Two AU students dive into local politics
Two AU students are running for commissioner of two districts in the Advisory Neighborhood Commission.
School of International Service sophomore Rory Slatko and School of Public Affairs junior Joe Wisniewski are two of eight students in the D.C. area running for ANC positions this fall, according to citywide student advocacy group D.C. Students Speak.
ANCs are local residential groups that advise the local government and neighbors on a variety of issues, ranging from parking to noise complaints.
Slatko is running to represent ANC 3D07, which includes students living in Anderson, Centennial, Letts, Leonard, Hughes and McDowell Halls. It is an all-student and single-member district. SPA junior Deon Jones currently holds this title, but does not represent the same constituents since he was elected before the redistricting in 2011. Jones represents Southside residents.
Wisniewski is running to represent ANC 3D10, which includes the Avalon, Berkshire and Greenbriar Apartments. It also represents Nebraska Hall and the Ward Circle Condos.
Ward 3D was redistricted in 2011 to include an all-student district. It also placed Roper and Clark Halls in 3D02 along with parts of Spring Valley. Incumbent and former ANC 3D Chair Tom Smith is the only registered candidate for 3D02.
Students wishing to participate in these elections must be registered to vote in D.C.
Meet the Candidates
Rory Slatko - 3D07
Slatko said he will try to increase the variety of modes of transportation for students if voted into office.
Adding bike lanes and bolstering the AU shuttle service are all parts of his plan to alleviate the neighborhood’s parking conundrum, he said.
Slatko served in Student Government as the SIS senator last year, where he helped to pass legislation calling for gender-neutral housing on campus.
The 19-year-old is running largely unopposed as a write-in candidate for ANC 3D07. While 25 signatures are required to be placed on the ballot, Slatko chose to take the write-in path instead.
Slatko said mediating conflict between neighbors and students will be tricky because of his all-student constituency. However, having both groups participate in community service may resolve some of the tension.
Slatko said he felt locals’ perceptions of the student community are largely based off a small portion of individuals who choose to be loud, litter and violate the law.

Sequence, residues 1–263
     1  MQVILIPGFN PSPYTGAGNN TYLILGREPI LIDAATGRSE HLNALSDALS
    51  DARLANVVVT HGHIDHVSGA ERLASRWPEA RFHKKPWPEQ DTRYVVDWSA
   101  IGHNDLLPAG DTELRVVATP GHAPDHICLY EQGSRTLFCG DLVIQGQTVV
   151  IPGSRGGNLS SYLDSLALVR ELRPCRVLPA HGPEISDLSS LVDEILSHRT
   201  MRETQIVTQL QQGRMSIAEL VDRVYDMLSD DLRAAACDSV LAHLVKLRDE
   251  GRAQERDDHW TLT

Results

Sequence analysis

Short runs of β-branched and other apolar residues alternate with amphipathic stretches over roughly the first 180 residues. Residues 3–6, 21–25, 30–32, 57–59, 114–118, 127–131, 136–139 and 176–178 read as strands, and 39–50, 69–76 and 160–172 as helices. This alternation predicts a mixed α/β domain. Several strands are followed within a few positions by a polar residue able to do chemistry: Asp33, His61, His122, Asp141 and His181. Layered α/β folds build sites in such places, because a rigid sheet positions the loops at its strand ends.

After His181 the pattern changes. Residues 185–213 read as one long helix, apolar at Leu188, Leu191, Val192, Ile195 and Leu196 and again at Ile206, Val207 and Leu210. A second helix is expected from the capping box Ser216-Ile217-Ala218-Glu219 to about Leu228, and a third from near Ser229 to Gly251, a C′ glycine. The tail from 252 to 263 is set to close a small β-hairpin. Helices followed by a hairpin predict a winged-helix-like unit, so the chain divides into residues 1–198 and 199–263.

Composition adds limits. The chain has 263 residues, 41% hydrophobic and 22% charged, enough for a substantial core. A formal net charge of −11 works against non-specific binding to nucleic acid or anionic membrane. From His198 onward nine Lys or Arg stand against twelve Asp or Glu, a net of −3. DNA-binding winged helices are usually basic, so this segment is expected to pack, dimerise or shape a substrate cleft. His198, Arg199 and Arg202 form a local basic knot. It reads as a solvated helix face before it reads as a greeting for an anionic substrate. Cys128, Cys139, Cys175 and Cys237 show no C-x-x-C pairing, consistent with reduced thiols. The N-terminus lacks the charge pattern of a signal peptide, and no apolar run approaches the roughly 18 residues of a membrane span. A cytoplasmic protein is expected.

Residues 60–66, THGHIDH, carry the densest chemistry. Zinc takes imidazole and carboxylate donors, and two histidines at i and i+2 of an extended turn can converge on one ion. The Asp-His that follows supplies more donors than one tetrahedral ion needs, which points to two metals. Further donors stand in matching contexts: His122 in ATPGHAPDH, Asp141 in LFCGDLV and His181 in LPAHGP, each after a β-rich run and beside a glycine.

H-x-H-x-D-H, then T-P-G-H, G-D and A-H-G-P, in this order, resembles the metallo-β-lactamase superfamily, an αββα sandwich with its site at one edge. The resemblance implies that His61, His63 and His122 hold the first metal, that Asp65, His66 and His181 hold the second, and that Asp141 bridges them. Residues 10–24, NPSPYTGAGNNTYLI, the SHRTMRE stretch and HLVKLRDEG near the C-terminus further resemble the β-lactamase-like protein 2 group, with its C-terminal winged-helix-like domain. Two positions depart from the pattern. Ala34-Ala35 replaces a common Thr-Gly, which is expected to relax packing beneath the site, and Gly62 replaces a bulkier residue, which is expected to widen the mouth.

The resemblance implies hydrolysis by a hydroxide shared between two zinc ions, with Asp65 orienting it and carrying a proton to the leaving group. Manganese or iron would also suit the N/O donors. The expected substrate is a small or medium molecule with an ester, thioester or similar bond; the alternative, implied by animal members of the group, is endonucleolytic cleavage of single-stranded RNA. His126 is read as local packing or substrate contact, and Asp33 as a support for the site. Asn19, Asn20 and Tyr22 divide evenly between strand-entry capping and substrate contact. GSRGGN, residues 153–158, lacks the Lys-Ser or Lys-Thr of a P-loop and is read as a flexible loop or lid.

“That’s where the core of the neighbor experience has been with AU students, and I think that’s what is most detrimental [to neighbor relations],” he said.
Slatko said he opposes the recent Residential Parking Protection Act (RPPA), which required AU students to register their cars in D.C.
Students who live off campus should have the right to their respective parking spots, he said. However, he said the University shared some of the blame for the situation since it charges high on-campus parking fees.
“[RPPA] was a desperate move to fix a pretty desperate situation,” he said.
Joe Wisniewski - 3D10
Wisniewski said he wants to enhance the Zipcar program, lower on-campus parking prices and increase shuttle accessibility to reduce neighborhood parking issues.
Wisniewski said he understood students’ hesitancy to park within the University, given the steep prices for parking permits.
“Now I don’t know about you or me, but I don’t have an extra $1,000 lying around, especially when I go to one of the most expensive schools in the country,” he said.
The 20-year-old Indiana native is running against Silvia Lucero, a neighbor who lives on Massachusetts Avenue. Wisniewski acquired 25 signatures and is on the official ballot. Wisiniewski currently serves as the speaker of the SG Senate.
Unlike Slatko, Wisniewski is running in an area that has both student and non-student residents.
Wisniewski said he plans to host events such as choral concerts, where students and neighbors can meet to improve their relationship.
Wisniewski’s biggest regret is not registering to vote in D.C. sooner. He said he was cynical of D.C. politics at first but soon changed his perspective.
“I realized that the issues that come up in front of the commissions, in front of the city hall, have a direct impact on our everyday lives,” he said. “It’s something you only find in local government.”